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Pros: The No Fear Shakespeare guides are most notable, offering side-by-side translations of each scene's original text.
Cons: The distracting design and limited support options for struggling readers may prove more discouraging than helpful.
Bottom Line: There's potential here to support readers in understanding classic literature, if they can navigate the dense text and distracting ads.
As with CliffsNotes, students could use the overviews and chapter summaries here to create context before beginning a new novel or text. For some students, having this background understanding can help ensure they'll know what to read for once they’re on their own. Throughout a reading unit, individual students or small groups could be assigned specific sections of the guides to consult as they read, before reporting to the class. Students could also be encouraged to use the site’s quizzes to check understanding.
When it comes to teaching Shakespeare, the No Fear Shakespeare guides can prove very useful. Teachers can print and photocopy sections or specific scenes and distribute them to students. This may be especially useful as students interpret key, or more challenging, scenes. The guides could also serve as a support for introducing or reviewing any acts or scenes that might be read independently, outside of class. Of course, be sure to remind students that the interpretations here are but one of many. While the guides can be helpful, they're by no means an authoritative voice on Shakespeare's work.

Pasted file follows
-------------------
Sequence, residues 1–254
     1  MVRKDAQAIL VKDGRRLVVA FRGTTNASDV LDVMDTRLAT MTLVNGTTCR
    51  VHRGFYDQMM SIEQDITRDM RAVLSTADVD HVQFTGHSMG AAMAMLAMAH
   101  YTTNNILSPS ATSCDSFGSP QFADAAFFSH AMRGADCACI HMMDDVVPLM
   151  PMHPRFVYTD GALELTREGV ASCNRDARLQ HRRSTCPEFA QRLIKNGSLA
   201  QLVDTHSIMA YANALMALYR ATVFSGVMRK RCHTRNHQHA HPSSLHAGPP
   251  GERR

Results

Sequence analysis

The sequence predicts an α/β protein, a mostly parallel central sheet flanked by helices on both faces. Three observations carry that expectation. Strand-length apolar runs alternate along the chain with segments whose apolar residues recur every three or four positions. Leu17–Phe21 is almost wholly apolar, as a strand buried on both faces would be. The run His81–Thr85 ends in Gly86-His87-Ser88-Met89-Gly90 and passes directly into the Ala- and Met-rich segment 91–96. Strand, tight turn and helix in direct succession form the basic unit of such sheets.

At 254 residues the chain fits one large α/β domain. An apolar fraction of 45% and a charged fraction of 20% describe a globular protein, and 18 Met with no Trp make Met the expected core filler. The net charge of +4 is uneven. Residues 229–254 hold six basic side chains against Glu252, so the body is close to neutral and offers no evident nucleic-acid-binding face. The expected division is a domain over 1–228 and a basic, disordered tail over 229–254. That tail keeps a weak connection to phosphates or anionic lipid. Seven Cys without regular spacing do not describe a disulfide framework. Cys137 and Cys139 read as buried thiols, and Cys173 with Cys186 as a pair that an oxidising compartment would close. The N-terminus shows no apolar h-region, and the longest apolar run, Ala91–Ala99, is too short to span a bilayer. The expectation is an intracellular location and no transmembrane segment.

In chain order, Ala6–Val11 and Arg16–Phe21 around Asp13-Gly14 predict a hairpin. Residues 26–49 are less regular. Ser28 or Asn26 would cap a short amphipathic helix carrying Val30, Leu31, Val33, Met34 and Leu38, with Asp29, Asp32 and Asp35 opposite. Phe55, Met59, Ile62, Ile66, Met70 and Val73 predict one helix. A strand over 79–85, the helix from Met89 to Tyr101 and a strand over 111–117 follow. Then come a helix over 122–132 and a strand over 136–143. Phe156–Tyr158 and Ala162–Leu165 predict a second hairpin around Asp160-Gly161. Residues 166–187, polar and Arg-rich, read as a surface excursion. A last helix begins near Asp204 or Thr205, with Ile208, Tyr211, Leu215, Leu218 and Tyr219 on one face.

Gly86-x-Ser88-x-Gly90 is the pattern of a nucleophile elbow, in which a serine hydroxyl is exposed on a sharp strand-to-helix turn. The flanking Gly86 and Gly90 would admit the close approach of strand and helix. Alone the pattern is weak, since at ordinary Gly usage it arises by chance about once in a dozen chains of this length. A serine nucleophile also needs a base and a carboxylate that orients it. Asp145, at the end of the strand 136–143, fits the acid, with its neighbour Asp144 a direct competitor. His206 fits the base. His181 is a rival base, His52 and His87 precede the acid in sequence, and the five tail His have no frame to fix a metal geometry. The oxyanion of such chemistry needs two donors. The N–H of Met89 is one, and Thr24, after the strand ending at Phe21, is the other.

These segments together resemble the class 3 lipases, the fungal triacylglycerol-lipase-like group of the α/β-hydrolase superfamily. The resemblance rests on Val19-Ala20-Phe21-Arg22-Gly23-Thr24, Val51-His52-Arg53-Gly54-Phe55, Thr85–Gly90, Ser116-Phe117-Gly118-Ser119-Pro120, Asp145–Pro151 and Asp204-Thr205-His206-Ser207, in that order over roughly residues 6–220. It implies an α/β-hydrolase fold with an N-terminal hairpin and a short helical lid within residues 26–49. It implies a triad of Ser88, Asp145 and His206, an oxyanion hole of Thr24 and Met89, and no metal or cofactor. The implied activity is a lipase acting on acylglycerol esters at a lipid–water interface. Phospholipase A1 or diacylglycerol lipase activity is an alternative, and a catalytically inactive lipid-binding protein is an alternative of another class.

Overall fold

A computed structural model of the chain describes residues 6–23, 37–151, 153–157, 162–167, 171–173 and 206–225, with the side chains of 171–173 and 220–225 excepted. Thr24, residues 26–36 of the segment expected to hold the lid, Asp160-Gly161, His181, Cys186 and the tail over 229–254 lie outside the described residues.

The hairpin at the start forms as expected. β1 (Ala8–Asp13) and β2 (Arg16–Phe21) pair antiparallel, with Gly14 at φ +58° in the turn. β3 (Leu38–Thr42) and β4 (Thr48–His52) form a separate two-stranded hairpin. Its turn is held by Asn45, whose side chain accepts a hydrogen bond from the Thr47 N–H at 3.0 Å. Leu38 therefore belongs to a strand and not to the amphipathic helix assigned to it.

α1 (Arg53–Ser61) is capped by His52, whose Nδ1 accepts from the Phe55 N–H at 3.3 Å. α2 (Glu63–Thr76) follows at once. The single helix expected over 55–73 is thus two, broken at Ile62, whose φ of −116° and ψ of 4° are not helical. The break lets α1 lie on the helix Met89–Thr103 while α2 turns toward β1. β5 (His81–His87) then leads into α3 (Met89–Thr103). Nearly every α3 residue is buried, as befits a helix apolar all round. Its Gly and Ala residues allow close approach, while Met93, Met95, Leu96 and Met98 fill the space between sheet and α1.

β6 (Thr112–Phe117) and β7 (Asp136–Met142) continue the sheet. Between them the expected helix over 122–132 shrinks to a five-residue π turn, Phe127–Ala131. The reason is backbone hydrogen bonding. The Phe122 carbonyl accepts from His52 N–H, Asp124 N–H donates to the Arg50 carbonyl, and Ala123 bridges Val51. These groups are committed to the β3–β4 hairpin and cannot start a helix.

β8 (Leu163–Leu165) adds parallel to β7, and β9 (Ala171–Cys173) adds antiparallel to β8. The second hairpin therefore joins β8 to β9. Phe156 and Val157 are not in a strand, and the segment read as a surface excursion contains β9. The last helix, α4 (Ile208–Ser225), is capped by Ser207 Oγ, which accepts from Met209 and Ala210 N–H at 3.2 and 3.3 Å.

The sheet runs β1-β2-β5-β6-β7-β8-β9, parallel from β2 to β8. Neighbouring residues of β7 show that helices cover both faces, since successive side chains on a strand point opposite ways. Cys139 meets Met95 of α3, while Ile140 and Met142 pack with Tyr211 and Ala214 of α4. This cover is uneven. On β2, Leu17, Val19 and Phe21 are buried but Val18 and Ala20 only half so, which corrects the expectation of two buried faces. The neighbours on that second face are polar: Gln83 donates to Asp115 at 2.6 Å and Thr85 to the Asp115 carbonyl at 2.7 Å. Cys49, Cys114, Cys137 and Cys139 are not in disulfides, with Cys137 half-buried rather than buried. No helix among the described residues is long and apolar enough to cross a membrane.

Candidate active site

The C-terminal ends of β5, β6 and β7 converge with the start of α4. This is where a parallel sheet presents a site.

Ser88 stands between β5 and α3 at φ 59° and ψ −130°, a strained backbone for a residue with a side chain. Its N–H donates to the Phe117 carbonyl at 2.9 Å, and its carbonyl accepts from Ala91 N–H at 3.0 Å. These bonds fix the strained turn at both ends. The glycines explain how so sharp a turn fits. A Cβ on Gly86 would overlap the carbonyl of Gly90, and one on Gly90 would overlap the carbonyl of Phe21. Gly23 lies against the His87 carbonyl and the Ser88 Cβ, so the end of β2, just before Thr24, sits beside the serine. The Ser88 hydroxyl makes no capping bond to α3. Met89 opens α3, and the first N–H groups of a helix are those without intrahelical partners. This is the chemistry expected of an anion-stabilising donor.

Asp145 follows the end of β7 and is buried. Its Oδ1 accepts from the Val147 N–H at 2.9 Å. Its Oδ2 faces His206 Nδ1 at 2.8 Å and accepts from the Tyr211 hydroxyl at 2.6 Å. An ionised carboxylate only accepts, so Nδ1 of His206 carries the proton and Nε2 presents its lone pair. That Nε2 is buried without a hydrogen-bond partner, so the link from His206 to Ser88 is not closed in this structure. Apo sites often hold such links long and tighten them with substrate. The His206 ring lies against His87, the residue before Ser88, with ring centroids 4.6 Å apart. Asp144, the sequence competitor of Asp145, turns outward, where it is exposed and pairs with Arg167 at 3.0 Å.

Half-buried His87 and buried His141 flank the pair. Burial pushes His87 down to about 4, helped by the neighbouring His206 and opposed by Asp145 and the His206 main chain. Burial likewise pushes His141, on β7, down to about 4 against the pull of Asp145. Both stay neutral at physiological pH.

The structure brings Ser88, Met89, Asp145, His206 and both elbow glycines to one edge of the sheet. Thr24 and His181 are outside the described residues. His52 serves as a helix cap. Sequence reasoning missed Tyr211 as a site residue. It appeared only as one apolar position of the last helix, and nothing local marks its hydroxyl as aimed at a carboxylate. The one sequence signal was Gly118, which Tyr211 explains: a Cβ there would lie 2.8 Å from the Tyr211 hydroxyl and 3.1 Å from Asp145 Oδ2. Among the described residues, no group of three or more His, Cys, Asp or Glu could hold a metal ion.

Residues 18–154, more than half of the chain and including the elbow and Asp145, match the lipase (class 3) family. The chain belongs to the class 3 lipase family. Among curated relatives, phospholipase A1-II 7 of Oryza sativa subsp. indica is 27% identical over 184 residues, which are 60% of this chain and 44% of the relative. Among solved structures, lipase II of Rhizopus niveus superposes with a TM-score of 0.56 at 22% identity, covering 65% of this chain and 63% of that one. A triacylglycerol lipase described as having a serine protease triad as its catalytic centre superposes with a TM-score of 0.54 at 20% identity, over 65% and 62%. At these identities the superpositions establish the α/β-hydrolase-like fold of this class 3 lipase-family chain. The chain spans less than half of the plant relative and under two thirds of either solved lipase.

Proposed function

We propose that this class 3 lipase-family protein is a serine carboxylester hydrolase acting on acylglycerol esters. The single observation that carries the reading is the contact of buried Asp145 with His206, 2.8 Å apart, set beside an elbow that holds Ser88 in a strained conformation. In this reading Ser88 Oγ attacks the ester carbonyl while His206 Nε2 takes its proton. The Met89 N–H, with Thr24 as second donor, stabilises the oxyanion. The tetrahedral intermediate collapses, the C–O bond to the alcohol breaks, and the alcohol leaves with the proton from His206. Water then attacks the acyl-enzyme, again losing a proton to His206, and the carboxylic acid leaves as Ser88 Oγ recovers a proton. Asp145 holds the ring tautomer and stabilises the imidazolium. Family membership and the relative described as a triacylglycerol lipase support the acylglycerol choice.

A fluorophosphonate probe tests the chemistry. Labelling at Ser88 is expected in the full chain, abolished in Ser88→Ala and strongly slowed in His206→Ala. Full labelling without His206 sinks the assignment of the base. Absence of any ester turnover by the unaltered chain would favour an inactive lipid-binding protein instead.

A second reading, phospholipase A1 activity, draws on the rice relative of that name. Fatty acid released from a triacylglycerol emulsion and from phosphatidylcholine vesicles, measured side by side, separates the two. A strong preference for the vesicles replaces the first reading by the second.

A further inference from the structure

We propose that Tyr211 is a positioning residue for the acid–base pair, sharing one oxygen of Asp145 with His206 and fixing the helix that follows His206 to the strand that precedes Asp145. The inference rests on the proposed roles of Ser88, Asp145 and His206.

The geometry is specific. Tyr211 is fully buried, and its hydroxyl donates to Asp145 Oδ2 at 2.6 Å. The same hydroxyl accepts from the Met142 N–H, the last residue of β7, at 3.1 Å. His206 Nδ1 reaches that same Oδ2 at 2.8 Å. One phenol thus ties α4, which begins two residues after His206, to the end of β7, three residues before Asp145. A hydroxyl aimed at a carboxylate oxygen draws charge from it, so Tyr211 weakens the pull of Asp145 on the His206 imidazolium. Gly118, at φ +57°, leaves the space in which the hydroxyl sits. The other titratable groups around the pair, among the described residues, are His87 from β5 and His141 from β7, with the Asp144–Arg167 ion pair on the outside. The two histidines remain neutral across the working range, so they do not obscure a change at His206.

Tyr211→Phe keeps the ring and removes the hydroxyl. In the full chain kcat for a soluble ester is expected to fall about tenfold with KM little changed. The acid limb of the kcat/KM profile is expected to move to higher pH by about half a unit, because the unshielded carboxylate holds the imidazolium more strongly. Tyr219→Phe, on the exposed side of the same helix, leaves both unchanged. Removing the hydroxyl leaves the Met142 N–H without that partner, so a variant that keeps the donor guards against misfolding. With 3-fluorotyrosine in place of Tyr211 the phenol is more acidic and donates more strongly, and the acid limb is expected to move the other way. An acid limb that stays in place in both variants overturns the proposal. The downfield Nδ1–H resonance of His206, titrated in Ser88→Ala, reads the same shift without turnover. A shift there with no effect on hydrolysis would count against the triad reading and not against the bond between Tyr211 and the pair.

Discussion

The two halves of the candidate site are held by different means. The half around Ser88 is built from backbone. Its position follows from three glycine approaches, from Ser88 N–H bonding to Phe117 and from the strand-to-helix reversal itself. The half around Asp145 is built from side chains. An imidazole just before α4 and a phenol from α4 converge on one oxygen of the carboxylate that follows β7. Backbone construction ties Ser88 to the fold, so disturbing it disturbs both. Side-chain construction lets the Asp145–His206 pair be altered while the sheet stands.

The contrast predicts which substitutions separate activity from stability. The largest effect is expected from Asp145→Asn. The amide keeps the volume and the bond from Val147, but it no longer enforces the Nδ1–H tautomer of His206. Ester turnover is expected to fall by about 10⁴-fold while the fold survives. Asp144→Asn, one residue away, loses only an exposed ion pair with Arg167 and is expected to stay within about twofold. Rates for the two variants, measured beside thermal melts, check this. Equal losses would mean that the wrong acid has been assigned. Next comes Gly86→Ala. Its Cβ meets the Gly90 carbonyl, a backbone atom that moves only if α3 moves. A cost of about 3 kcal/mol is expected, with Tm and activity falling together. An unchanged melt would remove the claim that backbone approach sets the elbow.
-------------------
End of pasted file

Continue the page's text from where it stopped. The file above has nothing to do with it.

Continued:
Like its predecessor, CliffsNotes, the SparkNotes website features online study guides for subjects like history, math, and biology, as well as classic literature, including the many common works by Shakespeare. All of the site’s guides are free to access online, with the option to purchase, either in paperback or downloadable format. More than 300 titles are available in the literature section. These include challenging classics like The Aeneid and Agamemnon, as well as equally demanding 20th-century works like Their Eyes Were Watching God and The Woman Warrior.
The guides offer book overviews, chapter summaries, story analyses, and character analyses. There are also study questions and essay topics, as well as some end-of-section quizzes. Some of the guides also feature video summaries; downloadable apps and ereader versions are available for all titles.
As with any similar reading resource, “guide” is the operative word when considering SparkNotes as a teaching or learning tool. Teacher facilitation will determine whether students see the site as a support and not a substitute. Also similar to CliffsNotes, the ad-riddled design and lack of hierarchy in text presentation could likely discourage and distract reluctant readers.
The site's most notable feature -- and what distinguishes it from CliffsNotes -- is its collection of "No Fear Shakespeare" guides. Within these, students can view a side-by-side comparison of each play's original text with an everyday-language translation. No doubt, many students will find this option to be a reassuring resource when reading and interpreting anything by The Bard. The site's "quick quizzes" (found throughout the key sections of each guide) are the only interactive feature. They do, however, report scores, highlight incorrect answers, and indicate correct responses. While many of the resources here can be a huge support to struggling readers, the ads and other distracting content may prove to be too tempting -- so use with caution.